Climbing Everest Before Social Media
It’s been fun this week to hear about Jess Roskelley and Clint Helander’s epic first ascent of Gauntlet Ridge on Alaska’s 12,240-foot Mount Huntington. The two climbers ascended the 9,000-foot, serrated ridge over the course of 5 days and spent a couple of days bivvying on the descent due to storms.
Reading about their climb online and in the Spokesman-Review, reminded me of a climb Jess and his dad, the renowned alpinist John Roskelley, did in 2003.
At that time, Jess was 20-years-old and aspired to be the youngest American to summit 29,029-foot Mount Everest.
Before leaving for the climb, I worked with John and Jess on a PR and communications projects for the expedition we named, “Generations on Everest.”
In addition to naming the expedition, Klündt | Hosmer’s team helped craft sponsorship pitches, create a logo for the team, set up John and Jess with a rugged, wireless computer from Itronix, and develop the expedition’s website.
The website was a vital communications tool for the team — especially since this was before the proliferation of social media platforms and far-reaching cell phone towers.
The Generations on Everest website featured photos of the approach, basecamp and the North Ridge of Everest and included regular journal updates from the mountain. Using this cool, leading edge technology — especially considering this was done 14 years ago — we would post the voicemail updates we received from John via his satphone as he ascended the mountain.
I would come into my office in the morning, see a blinking red light on my desk phone, and many times it would be a voicemail from John. Those voicemails got more and more challenging as the team ascended into Everest’s "death zone", at elevations above 26,000 feet.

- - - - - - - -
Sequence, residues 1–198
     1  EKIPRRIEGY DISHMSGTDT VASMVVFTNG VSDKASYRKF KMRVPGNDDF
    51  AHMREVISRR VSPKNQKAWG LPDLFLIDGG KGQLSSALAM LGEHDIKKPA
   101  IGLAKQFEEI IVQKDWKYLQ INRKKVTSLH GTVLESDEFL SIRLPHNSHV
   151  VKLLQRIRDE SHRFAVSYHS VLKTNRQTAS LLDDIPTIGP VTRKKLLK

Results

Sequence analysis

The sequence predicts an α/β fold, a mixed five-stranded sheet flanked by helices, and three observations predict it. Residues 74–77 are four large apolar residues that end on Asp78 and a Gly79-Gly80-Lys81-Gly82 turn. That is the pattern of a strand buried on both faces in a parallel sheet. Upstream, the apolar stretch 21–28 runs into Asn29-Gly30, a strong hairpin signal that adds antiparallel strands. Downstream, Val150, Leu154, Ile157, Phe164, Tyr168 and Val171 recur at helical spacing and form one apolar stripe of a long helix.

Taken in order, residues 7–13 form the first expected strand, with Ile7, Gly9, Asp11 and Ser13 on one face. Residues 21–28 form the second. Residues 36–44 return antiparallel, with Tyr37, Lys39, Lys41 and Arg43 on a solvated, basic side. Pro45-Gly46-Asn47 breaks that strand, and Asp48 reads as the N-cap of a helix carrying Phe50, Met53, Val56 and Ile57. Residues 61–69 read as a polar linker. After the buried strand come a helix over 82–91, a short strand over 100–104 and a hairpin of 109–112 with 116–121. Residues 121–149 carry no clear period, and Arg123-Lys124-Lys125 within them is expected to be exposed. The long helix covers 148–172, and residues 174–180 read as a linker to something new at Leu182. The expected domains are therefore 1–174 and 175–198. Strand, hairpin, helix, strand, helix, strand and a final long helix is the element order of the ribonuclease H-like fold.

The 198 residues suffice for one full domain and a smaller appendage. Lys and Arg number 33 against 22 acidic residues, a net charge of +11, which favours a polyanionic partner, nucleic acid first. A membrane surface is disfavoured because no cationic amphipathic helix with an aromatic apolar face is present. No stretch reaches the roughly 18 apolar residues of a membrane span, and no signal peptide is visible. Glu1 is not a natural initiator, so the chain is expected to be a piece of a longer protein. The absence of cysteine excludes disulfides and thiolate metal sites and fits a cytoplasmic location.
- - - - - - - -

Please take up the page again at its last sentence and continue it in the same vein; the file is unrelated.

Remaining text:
With John attempting the climb without using supplemental oxygen, some of his voice messages needed a couple of takes. A typical voicemail went something like, “Hey, this is John. (pant, pant, wheeze) Yesterday, (pant) we carried loads to Camp 3 (wheeze) at 27-thousand... uh... 27-(pant) uh... shit!” and then he would hang up and call again. Everest’s thin air was affecting John’s thought processes as well as his ability to breathe.
Within minutes of receiving these updates, we’d upload the audio files to the website, and it became the best source of information for tracking the climber’s status on Mt. Everest.
The Generations on Everest website was promoted in international climbing publications, websites and news features. Over the weeks of the climb, the website received thousands of visits from people all over the world.
On May 21, 2003, John and Jess were successful in summiting Everest, and Jess was (for the next seven years) the youngest American to make the climb to the world’s highest point.
It’s great to see that Jess is continuing to push the limits as a climber. Last week’s first ascent of Mount Huntington’s Gauntlet Ridge is just the latest climb on his resume. His accomplishments now include ascents from Alaska to Patagonia and one very memorable ascent, with his dad, on the world’s highest peak, almost 14 years ago.